The Japanese attack on Pearl Harbor that brought the US into World War II occurred 69 years ago today. You might not know about the one person who caused it to be so devastating (a two-part story).
NASA announced a new kind of microbe that uses arsenic as a chemical building block instead of phosphorus, previously thought to be one of the essential elements of life. The bacterium throws a wrench into the entire discipline of organic chemistry, and maybe even the definition of life.
The 10 Most Spectacular Ways the World as We Know It Could End. And, as you probably guessed, there are book and movie analogies to help explain each catastrophe.
The US government spends billions of dollars each year on dialysis for those who need it. But even as we spend more money than other countries, American patients are more likely to die from kidney failure or other complications than patients in other countries.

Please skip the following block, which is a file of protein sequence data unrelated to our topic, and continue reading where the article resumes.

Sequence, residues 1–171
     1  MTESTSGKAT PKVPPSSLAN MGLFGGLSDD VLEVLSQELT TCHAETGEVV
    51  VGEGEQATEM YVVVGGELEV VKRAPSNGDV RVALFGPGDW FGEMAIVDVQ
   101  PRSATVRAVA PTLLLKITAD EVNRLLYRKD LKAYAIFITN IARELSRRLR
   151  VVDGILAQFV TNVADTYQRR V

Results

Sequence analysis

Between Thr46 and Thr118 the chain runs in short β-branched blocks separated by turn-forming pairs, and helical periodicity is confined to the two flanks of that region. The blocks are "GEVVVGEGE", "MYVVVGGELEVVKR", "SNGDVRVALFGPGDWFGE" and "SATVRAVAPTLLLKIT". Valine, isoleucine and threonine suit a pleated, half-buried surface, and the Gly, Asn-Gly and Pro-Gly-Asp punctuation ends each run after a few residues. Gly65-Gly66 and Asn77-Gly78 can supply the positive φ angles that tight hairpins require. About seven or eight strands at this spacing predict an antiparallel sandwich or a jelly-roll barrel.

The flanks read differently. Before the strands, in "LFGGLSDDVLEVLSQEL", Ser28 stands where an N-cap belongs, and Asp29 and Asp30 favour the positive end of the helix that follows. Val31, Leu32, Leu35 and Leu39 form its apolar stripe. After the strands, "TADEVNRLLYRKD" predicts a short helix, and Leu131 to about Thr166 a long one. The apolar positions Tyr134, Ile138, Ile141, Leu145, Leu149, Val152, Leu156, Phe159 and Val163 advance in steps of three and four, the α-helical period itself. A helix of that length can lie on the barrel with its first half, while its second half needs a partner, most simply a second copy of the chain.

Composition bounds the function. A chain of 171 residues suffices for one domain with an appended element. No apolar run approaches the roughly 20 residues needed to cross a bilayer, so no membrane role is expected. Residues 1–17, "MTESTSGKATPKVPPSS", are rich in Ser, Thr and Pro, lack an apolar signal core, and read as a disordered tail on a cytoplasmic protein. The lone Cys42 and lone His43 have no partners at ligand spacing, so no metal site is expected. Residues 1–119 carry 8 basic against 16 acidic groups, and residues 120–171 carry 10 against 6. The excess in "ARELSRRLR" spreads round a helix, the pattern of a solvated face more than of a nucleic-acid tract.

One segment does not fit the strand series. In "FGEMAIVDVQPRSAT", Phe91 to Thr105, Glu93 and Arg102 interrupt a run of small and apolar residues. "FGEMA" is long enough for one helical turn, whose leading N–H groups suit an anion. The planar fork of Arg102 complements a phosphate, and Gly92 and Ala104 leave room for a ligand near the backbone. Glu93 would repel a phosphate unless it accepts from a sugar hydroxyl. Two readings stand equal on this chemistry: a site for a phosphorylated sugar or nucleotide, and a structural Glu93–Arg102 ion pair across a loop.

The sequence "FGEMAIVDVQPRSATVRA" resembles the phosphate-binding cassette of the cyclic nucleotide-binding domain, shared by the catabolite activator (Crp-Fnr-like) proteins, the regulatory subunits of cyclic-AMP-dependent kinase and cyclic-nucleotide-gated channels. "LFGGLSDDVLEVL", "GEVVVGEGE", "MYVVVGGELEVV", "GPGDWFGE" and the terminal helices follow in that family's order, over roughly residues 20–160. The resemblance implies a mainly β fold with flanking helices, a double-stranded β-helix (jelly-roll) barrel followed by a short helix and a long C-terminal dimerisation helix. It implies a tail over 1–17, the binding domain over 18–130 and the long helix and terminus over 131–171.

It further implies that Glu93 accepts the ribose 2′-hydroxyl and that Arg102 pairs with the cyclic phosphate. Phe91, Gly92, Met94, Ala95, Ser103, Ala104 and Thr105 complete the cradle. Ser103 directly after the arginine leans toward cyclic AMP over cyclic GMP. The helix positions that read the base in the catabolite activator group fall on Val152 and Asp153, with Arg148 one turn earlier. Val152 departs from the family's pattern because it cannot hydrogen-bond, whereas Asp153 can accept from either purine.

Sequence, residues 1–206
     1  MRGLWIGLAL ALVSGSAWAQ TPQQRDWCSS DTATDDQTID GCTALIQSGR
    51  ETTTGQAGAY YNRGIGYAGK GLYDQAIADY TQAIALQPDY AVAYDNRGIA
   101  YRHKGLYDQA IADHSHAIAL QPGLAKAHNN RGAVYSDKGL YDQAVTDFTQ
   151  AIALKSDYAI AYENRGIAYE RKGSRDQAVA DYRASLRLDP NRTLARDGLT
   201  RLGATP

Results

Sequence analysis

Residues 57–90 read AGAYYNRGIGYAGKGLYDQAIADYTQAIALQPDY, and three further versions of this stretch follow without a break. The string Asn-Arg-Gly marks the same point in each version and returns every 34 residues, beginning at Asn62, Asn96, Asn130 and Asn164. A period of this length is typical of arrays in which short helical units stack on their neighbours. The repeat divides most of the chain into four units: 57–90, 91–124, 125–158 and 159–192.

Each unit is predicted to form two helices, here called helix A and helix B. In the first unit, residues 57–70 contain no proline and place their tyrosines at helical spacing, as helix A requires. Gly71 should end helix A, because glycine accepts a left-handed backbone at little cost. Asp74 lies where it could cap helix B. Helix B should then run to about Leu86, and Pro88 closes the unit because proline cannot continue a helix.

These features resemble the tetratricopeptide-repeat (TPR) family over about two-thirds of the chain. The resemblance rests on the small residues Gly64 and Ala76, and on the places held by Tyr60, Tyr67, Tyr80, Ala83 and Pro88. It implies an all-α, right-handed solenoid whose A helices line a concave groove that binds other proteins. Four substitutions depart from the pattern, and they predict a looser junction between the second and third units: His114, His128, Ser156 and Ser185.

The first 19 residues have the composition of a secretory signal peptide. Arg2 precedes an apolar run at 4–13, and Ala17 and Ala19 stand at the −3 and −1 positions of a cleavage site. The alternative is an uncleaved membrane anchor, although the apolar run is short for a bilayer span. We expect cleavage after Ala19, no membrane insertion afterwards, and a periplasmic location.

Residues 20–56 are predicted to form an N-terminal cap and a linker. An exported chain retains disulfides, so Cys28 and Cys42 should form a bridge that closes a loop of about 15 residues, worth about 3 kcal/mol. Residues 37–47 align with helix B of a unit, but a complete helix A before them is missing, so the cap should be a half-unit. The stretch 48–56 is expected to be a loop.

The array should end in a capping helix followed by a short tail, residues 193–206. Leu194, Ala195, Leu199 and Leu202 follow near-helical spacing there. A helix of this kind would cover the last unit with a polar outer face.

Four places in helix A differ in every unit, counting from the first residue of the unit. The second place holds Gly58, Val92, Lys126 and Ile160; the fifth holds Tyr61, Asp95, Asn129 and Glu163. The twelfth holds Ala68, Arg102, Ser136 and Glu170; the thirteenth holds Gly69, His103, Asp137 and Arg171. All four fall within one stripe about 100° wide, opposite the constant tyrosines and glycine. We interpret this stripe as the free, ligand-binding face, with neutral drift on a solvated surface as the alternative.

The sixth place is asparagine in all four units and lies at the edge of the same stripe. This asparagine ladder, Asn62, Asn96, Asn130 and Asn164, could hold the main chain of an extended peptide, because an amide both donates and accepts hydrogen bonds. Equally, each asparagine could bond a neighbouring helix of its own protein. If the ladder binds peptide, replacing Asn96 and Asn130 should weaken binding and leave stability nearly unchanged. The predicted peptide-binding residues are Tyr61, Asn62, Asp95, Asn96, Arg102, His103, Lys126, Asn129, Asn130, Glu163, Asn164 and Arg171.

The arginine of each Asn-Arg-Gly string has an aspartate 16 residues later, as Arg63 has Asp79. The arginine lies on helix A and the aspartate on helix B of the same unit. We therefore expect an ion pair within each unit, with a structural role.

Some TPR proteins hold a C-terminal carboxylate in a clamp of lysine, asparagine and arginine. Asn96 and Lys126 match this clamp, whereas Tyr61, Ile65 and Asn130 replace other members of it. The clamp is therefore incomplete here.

Harry Kislevitz invented the plastic shapes that stuck to just about everything, but his company Colorforms manufactured many other playthings. Toymaker Mel Birnkrant worked for Colorforms for 20 years and tells of toys you may remember, toys that were never mass produced, and toys that flopped (and are now collector’s items). (via Metafilter)
Wikileaks may change history -and not necessarily for the worse. TIME looks at the concept of classified information and why so many mundane documents are labeled as secret. (via Boing Boing)
The Liljenquist family donated 400 Civil War photographs to the Library of Congress for a collection called The Last Full Measure. Then as now, many who did the fighting and dying seem to be too young to shave, much less fight.
7 Works of Art That Are Taking a Beating. Vandalism strikes even the most precious masterpieces.